Some may still think of museums as themselves dusty relics of an all but forgotten age, but in fact these institutions have been going from strength to strength - and at least part of the credit must go to the modern interactive displays and technologies that can help bring the past to life for thousands.
Jonathan Cooper (pictured, right), business development consultant for museums and leisure at NEC Display Solutions, says it is specifically targeting the market, which represents a promising opportunity with its own needs and restrictions.
Although there is a backdrop of public sector cuts to consider, there is also a continuing need to refresh or replace legacy technology at many museums and galleries. And if you can come up with a solution for them that enables them to cut costs as well as fulfil their remit, they will very likely be prepared to invest.
"A lot have legacy equipment and software that has been running for maybe 10 or more than 10 years, exceeding its useful life. It has to be replaced to keep certain elements going," Cooper confirms.
"That's a requirement at quite a few of the museums up and down the country. And there is also a requirement to step up the interactivity."
Many still have those ageing push-button displays but are looking to move to increased use of applications hosted on mobile devices such as iPads. Other opportunities can exist around ultra-short-throw projectors, which have also proven popular in many exhibitions.
It can then be a question of deploying the right hardware and infrastructure to support them, perhaps linking it all to a customer website.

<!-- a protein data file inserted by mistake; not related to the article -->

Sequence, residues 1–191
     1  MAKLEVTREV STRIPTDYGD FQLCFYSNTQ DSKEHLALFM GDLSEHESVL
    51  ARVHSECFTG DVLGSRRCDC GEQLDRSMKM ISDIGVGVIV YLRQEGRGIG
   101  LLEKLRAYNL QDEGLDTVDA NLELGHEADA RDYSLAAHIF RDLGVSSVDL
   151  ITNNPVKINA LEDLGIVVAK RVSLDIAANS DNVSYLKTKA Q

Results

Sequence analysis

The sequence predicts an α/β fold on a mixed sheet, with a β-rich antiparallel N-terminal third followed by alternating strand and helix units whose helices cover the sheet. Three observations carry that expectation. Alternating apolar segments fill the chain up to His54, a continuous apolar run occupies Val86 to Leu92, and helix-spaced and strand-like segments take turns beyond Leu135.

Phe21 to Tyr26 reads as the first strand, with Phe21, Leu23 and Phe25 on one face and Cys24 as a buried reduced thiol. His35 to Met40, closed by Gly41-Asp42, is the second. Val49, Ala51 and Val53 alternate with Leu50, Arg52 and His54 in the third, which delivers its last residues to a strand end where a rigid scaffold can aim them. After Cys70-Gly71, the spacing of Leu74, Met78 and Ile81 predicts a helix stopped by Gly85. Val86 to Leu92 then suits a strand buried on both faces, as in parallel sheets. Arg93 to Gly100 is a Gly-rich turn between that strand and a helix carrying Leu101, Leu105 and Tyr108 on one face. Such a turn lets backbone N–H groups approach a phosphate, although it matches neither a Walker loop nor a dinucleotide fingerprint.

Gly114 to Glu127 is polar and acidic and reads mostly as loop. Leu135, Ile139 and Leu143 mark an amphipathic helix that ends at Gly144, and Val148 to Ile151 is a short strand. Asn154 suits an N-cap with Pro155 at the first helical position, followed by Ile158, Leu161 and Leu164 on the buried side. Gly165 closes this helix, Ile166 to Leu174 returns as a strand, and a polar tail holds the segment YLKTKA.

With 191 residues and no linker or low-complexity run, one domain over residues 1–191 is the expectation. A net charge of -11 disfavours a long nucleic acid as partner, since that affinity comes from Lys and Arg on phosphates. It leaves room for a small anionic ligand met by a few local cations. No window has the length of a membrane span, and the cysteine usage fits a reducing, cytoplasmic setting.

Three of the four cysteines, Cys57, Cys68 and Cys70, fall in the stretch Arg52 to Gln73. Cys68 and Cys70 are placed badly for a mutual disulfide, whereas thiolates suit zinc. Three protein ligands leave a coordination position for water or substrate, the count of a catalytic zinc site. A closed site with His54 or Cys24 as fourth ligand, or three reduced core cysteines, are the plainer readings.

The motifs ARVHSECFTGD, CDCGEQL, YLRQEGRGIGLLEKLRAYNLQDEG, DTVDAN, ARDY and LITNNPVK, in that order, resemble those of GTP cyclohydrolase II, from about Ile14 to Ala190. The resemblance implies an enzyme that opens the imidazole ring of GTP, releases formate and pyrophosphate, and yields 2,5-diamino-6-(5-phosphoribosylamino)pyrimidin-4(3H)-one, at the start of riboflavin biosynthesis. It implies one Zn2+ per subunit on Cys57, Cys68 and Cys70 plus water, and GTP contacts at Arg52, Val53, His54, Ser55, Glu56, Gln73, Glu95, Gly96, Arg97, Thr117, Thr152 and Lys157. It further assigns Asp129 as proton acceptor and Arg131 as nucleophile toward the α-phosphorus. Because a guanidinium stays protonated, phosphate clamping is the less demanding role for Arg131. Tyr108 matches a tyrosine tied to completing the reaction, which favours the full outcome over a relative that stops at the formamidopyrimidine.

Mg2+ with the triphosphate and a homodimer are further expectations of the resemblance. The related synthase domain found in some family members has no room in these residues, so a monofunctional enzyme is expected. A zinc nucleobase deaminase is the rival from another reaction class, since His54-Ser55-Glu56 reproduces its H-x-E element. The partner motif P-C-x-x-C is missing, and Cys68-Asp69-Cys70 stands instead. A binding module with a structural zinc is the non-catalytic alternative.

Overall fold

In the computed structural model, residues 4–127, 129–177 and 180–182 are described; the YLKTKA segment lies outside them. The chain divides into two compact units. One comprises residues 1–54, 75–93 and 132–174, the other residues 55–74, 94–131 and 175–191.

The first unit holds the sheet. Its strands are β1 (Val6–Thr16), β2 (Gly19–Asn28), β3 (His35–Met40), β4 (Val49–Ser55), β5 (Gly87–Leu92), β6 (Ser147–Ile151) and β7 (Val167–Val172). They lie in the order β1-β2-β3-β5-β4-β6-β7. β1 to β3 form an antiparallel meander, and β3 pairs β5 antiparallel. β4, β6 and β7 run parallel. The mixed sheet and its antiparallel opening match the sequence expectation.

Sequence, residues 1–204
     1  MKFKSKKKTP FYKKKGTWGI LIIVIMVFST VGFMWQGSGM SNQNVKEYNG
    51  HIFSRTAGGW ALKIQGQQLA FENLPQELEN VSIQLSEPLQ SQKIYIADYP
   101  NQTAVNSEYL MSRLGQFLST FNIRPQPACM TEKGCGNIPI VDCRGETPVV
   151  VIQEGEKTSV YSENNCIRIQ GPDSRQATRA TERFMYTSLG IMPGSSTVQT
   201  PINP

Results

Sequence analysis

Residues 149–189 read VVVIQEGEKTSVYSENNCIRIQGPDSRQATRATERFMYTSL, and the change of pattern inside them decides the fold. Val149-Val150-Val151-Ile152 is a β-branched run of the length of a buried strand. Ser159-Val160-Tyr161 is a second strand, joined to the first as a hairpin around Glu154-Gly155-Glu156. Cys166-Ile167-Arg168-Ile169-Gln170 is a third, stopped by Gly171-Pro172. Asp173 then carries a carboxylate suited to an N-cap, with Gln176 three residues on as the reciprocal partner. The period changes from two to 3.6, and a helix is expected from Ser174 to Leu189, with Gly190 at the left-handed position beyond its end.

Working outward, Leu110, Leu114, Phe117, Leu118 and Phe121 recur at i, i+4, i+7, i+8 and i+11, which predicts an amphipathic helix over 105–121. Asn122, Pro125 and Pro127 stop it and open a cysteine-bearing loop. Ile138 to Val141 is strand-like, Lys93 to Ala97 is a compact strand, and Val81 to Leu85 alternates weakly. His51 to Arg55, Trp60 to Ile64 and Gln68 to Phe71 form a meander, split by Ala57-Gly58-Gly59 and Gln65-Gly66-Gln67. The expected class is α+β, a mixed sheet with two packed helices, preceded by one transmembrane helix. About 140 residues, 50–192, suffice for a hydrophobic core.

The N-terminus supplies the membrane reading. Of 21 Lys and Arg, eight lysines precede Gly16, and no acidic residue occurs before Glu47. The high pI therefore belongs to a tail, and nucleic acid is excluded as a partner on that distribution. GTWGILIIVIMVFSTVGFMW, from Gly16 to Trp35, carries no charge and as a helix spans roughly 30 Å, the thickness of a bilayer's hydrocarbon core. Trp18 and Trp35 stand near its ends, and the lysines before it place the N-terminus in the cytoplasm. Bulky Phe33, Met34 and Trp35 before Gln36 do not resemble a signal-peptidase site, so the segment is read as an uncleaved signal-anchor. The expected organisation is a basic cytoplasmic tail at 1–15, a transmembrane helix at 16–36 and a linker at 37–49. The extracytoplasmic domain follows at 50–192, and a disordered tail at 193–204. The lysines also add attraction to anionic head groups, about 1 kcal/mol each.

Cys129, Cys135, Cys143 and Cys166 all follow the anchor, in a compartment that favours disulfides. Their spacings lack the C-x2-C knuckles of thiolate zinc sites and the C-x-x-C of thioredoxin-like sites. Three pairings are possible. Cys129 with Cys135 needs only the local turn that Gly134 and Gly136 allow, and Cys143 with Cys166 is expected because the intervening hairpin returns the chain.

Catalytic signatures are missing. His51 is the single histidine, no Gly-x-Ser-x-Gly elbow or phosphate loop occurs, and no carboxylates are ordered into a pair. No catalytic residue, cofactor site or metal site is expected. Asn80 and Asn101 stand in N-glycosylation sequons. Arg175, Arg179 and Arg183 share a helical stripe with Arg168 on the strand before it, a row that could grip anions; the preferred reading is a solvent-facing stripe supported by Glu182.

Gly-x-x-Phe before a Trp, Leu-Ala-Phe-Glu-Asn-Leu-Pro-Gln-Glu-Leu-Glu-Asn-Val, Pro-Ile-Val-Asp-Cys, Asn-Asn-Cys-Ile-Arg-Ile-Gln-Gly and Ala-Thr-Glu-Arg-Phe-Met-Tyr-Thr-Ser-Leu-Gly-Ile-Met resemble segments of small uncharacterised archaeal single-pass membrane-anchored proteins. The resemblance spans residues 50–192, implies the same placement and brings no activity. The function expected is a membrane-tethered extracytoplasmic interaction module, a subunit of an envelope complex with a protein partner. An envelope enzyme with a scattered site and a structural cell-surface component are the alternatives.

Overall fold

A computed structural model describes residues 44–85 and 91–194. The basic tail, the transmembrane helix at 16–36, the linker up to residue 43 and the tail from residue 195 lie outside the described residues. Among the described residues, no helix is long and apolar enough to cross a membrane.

"The other thing that's coming out is 4K content, if very high resolution is required. For example, the new British Museum viking exhibition uses 4K content," Cooper says.
Sometimes newer kit may in fact offer the reduced cost they seek - such as replacing lamp-based projection with LED technology.
"They can be a bit over having to pay £300 for lamps, and once they've moved from that, you can have projection in a portrait orientation - instead of using lots of flat panels all the time," Cooper says. "There needs to be a ‘wow' factor as well - and that can be a challenge, given all the technology we now have in the home."
Channel suppliers are and will continue to be important in this market, he notes. Although there are specialist consultancies, smaller local players
can sometimes offer the support over the longer term a museum might require, as well as initial services and installation.
A canny provider may do well to pay attention to upcoming anniversaries - such as this year's World War I commemorations, as there may be projects with which to get involved. And beyond the audiovisual angle, of course there are the more standard IT requirements as well - including social media integration, for example.
"It's about exceeding people's expectations within limited budgets. That's the challenge," says Cooper.
Last year saw the 255-year-old British Museum attract more visitors than ever - some 6.7 million, 20 per cent more than in 2012. Even the humble website has played a role: www.britishmuseum.org in 2013 had 19.5 million visits, up 47 per cent on 2012.
Neil MacGregor, director of the British Museum, says: "Displays on-site, loans and touring exhibitions nationally and internationally, big-screen viewings and online access mean this is truly a dynamic collection that belongs to and is used by a global citizenship."
Computacenter is one IT channel partner that has benefited from the demand for interactive audiovisuals in the museum sector. At the new Great North Museum: Hancock, in Newcastle upon Tyne, an award-winning £26m refurbishment project combined exhibits from three locations into a new building.
It worked with audiovisual integrator Electrosonic to source, install and configure projection, touch screens, and large-format displays for its 11 galleries, which play host to delights including an interactive model of Hadrian's Wall, a replica Tyrannosaurus Rex skeleton, and a virtual aquarium.